Peaks, Pines, and Flows in North Cascades National Park Complex


At the time, I was happy to check off North Cascades NP from my national park bucket list, but later, after I had returned home and had a chance to look at the park pamphlet I had picked up, I noticed an interesting detail. When I was planning the trip and doing basic research on the park, the atlases and maps I had seen of the park had shown a border that resembled an eastward pointing boot, but the pamphlet map showed inner borders within the boot that separated two national recreational areas – Lake Chelan National Recreational Area and Ross Lake National Recreational Area. According to the pamphlet map, the Ross Lake NRA actually surrounded State Route 20 and divided North Cascades NP. Did I actually enter the boundaries of North Cascades National Park? According to the pamphlet, I did not, but rather stayed totally within Ross Lake NRA. In fact, according to the pamphlet map, no vehicle roads ever enter the national park boundaries, meaning one would need to do a major hike in order to enter the actual boundaries of the park. However, the National Park Service website does not separate the two national recreational areas on the Washington state list like it does on the other states list, and reading closely, it talks about the North Cascades National Park Complex, which includes the two national recreational areas. For this reason, I am counting my drive through the park complex as a true visit to North Cascades National Park for my bucket list.

My next target was Olympic National Park, and according to the highlighted line on my computer generated itinerary map, my path would take me over a small connecting bridge to a long vertical island in Puget Sound, then over a longer bridge to the Olympic peninsula. When I had searched for a motel near the park the night before, I noted that my best deal would be on the island, Whidbey Island, and I made the reservation. It turned out to be lucky choice. As I drove onto the island, I began to see signs about using a special three digit phone number to call for reservations on the Port Townsend Ferry. I recognized Port Townsend as the city on the peninsula side of the long bridge on the itinerary, so when I reached the motel, I quickly checked the itinerary printout. Even though the highlighted dotted line looked like a bridge to cross, a single line on the list of route directions confirmed that the dotted line was actually a ferry path, not a bridge, and the route time calculation was based upon reaching and getting on the ferry almost exactly at the time of its departure, a very unlikely occurrence. As I was checking into my room, I mentioned needing to catch the ferry in the morning, and the desk clerk strongly recommended that I make a reservation online, especially since it was the Memorial Day weekend. I took the web address from the clerk and went online as soon as I got to my room, but I quickly discovered that all of the available reservations were booked up until early afternoon. The clerk did feel that a last minute cancellation might be possible on the earlier crossings, but she was not that up on the ferry process. Because of Puget Sound, my only other option to reach Olympic National Park would be to drive back off the island and drive down Interstate 5 through Seattle in order to circle around the south side of the park to get to the west and north entrances of the park, a trek that would cover several hours. So, do I take a chance with the ferry or trek through half of the next day just to get to Olympic National Park? I started to debate it within my mind.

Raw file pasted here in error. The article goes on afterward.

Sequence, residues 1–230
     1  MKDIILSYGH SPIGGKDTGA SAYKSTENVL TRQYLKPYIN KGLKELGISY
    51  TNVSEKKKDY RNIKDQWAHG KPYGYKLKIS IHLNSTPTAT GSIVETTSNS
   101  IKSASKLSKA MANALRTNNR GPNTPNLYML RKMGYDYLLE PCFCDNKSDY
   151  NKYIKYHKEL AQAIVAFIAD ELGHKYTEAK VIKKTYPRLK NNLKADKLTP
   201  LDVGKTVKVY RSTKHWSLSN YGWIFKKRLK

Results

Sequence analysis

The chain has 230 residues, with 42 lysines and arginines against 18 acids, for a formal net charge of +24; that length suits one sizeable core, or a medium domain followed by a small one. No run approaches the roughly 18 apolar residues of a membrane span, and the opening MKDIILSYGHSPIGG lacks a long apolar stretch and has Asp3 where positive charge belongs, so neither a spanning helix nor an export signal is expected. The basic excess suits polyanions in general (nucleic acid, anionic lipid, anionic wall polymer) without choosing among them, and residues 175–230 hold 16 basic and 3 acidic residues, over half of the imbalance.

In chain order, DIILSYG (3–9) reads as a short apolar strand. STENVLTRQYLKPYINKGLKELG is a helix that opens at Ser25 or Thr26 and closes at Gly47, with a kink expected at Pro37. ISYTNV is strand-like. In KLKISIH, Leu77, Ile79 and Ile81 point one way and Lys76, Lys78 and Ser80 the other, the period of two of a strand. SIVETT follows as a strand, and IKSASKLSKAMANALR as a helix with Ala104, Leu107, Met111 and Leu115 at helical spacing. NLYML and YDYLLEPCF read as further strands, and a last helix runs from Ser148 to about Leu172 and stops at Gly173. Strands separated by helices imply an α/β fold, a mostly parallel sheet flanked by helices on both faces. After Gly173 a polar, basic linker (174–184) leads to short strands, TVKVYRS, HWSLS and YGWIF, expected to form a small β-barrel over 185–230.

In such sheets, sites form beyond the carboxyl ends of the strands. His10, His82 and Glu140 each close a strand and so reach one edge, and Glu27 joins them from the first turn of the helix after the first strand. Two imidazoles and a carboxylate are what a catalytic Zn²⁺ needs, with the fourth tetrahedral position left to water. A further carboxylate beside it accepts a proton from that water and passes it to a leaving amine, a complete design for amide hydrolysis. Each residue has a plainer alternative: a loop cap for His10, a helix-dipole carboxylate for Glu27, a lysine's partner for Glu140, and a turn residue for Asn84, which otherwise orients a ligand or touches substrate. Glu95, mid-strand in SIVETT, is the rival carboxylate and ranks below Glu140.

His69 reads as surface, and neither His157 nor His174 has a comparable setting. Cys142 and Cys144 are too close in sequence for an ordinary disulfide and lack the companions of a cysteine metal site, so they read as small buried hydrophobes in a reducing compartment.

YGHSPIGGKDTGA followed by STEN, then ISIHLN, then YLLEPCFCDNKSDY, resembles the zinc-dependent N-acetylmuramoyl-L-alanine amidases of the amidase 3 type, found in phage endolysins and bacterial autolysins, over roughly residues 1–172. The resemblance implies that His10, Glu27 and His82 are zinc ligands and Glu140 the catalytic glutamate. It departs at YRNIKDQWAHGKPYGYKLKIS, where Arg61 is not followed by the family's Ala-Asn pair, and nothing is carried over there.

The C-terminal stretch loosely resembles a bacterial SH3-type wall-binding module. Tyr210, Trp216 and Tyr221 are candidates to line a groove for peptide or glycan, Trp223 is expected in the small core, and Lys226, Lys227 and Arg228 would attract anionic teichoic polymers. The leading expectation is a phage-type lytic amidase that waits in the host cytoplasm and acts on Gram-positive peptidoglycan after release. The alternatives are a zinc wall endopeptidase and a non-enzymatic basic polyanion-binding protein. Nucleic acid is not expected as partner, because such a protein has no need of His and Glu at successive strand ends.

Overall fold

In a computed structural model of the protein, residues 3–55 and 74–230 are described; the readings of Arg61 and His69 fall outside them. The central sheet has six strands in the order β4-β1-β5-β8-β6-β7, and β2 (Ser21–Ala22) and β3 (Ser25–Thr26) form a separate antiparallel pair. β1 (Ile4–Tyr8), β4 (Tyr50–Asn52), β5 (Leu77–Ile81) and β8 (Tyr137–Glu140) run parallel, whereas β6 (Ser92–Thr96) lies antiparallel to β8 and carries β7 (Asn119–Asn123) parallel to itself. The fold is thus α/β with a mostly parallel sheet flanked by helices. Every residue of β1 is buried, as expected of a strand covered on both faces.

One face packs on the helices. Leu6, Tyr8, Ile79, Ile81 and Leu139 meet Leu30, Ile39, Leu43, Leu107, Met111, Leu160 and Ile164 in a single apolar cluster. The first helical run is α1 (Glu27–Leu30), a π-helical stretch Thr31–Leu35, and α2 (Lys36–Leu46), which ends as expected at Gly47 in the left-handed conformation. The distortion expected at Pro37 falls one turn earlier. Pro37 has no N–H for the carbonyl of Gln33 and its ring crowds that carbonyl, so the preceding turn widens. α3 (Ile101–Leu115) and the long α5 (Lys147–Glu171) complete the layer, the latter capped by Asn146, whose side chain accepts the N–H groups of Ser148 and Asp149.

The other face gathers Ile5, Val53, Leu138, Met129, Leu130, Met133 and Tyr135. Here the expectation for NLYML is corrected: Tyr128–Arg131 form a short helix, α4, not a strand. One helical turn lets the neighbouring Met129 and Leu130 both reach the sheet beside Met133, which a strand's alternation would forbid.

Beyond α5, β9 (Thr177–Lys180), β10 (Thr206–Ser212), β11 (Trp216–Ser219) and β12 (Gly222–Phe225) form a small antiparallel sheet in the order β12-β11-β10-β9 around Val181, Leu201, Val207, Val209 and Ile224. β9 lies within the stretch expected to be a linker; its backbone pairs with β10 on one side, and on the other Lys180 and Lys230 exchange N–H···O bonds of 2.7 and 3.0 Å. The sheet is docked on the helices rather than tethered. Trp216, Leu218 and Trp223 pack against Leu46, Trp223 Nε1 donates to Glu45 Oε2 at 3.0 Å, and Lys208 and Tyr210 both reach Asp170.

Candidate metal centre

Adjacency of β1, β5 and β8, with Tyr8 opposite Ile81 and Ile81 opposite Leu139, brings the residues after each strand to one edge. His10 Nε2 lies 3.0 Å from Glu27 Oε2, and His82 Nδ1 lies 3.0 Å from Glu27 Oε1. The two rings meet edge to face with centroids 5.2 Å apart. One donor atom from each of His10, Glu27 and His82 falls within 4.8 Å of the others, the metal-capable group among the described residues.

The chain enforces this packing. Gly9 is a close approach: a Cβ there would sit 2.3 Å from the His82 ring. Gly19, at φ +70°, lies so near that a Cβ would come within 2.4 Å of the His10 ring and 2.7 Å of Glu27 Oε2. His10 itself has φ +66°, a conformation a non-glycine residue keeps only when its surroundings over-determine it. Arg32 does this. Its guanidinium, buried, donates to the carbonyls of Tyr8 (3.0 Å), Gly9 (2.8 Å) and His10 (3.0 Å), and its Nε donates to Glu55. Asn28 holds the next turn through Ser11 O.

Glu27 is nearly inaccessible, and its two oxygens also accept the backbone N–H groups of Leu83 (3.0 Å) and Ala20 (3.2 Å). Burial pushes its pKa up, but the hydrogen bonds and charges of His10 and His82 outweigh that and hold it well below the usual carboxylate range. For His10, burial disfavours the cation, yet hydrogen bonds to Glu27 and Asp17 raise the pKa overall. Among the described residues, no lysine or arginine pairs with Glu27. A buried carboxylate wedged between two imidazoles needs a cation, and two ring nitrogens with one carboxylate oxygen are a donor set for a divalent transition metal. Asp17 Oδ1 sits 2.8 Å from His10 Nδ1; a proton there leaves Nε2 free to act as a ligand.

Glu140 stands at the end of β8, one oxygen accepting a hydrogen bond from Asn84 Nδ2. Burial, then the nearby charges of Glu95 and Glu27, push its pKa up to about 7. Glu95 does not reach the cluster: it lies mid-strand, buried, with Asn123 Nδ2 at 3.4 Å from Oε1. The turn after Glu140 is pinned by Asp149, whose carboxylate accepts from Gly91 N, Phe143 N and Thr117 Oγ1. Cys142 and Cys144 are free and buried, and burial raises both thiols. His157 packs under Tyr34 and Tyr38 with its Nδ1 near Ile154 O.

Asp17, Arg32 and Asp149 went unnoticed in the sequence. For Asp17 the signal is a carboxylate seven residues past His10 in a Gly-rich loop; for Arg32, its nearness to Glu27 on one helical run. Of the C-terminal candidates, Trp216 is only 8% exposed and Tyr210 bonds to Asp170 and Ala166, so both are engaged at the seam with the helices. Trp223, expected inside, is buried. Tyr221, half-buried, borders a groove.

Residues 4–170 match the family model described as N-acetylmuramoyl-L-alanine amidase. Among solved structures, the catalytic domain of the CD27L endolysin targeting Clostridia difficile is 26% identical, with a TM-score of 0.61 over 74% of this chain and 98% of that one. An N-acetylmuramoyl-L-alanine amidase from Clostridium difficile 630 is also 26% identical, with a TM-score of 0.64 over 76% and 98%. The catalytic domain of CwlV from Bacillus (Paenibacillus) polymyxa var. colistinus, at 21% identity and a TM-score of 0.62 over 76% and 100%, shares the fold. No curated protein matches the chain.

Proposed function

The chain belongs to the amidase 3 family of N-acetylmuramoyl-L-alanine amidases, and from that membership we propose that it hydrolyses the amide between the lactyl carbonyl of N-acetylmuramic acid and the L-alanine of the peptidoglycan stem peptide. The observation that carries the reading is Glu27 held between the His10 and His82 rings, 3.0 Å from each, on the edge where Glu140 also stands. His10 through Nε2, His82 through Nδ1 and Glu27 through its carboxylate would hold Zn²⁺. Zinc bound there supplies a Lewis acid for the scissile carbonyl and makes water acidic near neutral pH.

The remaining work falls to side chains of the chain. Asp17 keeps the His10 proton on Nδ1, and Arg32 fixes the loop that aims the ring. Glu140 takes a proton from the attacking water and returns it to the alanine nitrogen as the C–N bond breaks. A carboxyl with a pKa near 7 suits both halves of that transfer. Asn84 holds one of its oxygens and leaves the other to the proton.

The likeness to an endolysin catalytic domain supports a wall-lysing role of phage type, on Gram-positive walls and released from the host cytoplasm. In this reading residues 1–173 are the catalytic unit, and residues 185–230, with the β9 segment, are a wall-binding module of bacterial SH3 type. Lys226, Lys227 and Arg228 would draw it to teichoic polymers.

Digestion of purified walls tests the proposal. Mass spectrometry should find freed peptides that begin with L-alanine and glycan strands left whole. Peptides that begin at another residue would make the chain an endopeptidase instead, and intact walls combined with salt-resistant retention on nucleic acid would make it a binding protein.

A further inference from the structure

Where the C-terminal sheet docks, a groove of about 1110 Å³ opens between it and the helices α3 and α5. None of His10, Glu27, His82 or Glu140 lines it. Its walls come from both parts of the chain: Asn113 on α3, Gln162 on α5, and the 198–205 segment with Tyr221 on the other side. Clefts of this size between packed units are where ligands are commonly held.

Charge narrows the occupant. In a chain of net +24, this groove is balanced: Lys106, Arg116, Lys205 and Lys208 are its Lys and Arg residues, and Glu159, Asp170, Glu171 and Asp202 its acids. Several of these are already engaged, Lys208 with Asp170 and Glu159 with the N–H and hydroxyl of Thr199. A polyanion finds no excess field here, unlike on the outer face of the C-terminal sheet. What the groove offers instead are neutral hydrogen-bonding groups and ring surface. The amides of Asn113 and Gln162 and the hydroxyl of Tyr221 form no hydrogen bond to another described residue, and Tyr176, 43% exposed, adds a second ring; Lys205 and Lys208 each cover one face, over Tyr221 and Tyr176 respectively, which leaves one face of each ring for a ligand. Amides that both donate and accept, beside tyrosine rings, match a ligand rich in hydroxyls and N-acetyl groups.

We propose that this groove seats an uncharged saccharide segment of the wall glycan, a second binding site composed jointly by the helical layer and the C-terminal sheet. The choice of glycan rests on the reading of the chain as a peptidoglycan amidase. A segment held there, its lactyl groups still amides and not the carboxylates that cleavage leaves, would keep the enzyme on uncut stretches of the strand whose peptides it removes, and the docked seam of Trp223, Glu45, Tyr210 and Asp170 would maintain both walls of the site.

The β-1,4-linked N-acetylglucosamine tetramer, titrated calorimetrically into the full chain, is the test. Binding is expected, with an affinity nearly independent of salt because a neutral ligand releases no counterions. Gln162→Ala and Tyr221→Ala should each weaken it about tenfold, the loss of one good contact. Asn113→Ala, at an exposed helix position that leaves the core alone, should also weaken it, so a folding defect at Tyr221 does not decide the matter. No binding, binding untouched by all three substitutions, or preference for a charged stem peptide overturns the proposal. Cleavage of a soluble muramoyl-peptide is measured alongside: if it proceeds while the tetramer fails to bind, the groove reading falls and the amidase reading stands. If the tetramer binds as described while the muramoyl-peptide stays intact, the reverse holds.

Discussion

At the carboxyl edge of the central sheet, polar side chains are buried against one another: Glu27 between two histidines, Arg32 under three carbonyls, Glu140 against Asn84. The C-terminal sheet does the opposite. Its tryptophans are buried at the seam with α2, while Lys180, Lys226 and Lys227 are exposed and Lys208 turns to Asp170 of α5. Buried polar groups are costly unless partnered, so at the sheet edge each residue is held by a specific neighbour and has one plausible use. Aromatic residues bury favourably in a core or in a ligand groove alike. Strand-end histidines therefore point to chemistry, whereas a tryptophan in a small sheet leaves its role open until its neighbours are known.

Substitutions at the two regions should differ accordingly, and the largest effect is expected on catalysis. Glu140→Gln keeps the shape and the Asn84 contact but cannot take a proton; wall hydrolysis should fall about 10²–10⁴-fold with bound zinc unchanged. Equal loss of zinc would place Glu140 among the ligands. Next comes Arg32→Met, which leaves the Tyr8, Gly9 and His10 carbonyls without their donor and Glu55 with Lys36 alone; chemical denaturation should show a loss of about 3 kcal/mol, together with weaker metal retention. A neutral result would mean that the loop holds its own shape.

To be continued…

 

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Pacific Northwest Road Trip – Part 1

When it came to deciding which road trip I should take this year based on my travel bucket lists, my choice was down to two options: a Midwest circuit around Lake Michigan and a broad circuit around the Pacific Northwest. The Midwest trip was designed to visit the last two states in which I had never stepped foot and one of the two states where I had only visited by changing planes in a major airport. It would also add two US national parks to the list I had visited. The Pacific Northwest trip would only visit the other of the two “changing planes” states on my list and upgrade an asterisk-visited state, but would add four US national parks to my visited list. The Midwest trip also appeared to be a simple short trip when I threw in a round-trip airfare to Chicago and the use of a rental car, as opposed to a long mileage trip in my own car from my home in the Denver area. I also had to consider that unlike last year when I had a friend join me on my trip, I was undertaking this trip solo. In the end, I decided to take on the greater challenge with the grand tour around the Pacific Northwest. To add to the challenge, due to other planned commitments, I had to schedule this tour around the heavily traveled Memorial Day weekend.